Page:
Los Angeles architect Francois Perrin (anyone remember the face-melting Skateboard House?) has shared with us his recently completed project, a private residence in the Hollywood Hills here in sunny Southern California.
Project Description from the Architect:
This private residence is located in the Hollywood Hills, overlooking the City of Los Angeles. It is one of the rare remaining building lots of this neighborhood, also one of the few protected areas in the City.
The building engages with the surrounding environment in order to produce an Architecture that merges with the Landscape. The contemporary design of the house interacts as well with the natural elements (air, sun and vegetation) but has only a little visual impact in the Hills.
The site has a very steep topography but mostly constituted of Bedrock. The North-South orientation offers a panoramic view of the LA basin while being naturally protected from the sun in the warm afternoons. The building casts itself into the site on four levels to create enough living area to accommodate the program but also to reinforce the climatic orientations of the design. Half of the living volume is located underground.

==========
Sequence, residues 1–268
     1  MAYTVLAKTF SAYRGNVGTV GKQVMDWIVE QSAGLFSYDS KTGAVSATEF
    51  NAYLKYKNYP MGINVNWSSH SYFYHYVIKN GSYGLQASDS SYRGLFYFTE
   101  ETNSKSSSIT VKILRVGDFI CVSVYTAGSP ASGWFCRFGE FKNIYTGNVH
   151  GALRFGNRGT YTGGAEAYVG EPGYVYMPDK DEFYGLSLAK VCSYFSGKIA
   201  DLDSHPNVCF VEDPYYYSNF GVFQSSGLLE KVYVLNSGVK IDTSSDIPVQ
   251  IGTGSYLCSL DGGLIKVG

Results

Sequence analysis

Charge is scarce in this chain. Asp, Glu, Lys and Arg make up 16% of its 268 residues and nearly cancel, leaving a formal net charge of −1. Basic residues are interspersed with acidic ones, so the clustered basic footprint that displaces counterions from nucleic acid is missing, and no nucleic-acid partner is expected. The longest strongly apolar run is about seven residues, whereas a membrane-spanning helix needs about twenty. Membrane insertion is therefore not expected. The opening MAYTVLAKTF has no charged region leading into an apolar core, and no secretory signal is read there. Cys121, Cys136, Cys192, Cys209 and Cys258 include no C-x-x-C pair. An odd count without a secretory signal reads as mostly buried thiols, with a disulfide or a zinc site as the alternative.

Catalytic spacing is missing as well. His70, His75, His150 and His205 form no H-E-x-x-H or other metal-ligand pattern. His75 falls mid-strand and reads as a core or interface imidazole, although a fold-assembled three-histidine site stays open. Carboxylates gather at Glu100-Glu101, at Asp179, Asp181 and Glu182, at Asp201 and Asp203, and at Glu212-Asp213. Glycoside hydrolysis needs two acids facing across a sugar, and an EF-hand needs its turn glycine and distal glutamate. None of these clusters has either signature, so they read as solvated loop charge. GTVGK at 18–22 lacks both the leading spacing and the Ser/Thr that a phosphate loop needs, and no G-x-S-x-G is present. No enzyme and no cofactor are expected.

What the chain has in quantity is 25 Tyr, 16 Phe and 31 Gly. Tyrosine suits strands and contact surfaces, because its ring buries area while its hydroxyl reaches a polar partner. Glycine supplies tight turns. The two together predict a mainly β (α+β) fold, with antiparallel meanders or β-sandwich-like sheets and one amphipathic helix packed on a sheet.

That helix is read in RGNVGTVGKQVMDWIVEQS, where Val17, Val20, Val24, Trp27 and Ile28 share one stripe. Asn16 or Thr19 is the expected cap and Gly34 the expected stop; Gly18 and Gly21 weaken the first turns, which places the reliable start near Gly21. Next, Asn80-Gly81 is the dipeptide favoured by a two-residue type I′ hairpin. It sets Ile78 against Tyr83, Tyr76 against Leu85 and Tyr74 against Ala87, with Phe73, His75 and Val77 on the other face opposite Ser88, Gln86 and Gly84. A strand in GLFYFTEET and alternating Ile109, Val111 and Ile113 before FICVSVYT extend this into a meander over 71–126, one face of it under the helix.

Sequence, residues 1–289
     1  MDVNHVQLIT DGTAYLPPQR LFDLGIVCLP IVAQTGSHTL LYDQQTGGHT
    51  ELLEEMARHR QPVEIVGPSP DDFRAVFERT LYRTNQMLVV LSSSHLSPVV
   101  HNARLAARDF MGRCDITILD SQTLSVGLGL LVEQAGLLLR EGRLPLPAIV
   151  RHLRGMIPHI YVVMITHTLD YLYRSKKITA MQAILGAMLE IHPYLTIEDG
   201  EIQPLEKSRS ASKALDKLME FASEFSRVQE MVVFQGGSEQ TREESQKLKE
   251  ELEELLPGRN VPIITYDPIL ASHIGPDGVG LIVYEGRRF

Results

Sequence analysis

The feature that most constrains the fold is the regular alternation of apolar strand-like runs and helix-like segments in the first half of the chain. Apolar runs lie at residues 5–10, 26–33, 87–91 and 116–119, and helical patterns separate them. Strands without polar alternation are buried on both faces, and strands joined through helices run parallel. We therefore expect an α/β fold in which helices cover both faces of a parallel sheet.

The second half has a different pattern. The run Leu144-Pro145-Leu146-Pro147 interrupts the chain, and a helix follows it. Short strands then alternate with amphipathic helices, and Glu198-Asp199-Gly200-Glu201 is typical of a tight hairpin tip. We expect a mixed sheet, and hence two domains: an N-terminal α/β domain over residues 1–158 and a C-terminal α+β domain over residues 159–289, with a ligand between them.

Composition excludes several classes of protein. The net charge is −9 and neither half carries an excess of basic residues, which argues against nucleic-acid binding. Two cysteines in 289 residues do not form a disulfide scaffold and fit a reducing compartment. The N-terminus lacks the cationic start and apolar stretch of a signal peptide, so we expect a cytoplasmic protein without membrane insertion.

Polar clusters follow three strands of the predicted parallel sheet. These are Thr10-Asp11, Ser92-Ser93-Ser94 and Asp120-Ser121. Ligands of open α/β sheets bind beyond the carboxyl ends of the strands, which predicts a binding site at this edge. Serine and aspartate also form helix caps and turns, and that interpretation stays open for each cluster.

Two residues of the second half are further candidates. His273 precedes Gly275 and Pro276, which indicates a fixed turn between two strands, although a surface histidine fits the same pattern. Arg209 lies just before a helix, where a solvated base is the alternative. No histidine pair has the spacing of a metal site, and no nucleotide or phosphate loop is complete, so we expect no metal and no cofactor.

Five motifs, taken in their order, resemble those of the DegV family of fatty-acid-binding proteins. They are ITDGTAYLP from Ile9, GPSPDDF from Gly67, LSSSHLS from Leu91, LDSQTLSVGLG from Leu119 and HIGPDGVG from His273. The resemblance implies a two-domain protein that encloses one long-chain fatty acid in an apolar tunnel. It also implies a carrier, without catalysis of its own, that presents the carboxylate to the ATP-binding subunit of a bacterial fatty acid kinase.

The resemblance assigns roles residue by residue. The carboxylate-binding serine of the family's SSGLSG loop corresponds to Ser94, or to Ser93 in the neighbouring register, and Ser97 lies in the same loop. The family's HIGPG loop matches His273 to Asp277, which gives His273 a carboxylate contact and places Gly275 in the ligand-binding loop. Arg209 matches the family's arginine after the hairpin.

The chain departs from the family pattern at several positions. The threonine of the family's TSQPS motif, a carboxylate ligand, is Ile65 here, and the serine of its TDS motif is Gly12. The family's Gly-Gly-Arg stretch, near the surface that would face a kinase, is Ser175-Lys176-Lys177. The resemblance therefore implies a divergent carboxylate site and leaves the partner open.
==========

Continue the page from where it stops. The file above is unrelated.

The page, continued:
The foundations and retaining walls are made of concrete, which become the primary material of the house. It also creates a thermal mass for the building that in connection with the orientation of the house and its natural ventilation avoids the use of air conditioning. Water circulating through the metal sunscreens is naturally heated and redirected to the radiant floor system.
The building’s skin that opens itself on the exterior is made of insulated glass reflecting the surrounding vegetation. As a result the house disappears into its environment, still managing to open itself to it. The outdoor decks (terraces, swimming pool, patio) are equal in surface to the indoor and allow through the local climate to live outside for most of the year.
Architect: Francois Perrin
Location: Los Angeles, California
Collaborator: Yves Lefay, Designer/Builder (Eliosolar)
Site Area: 9000 sq ft
Building: 3000 sq ft
Photography: Michael Wells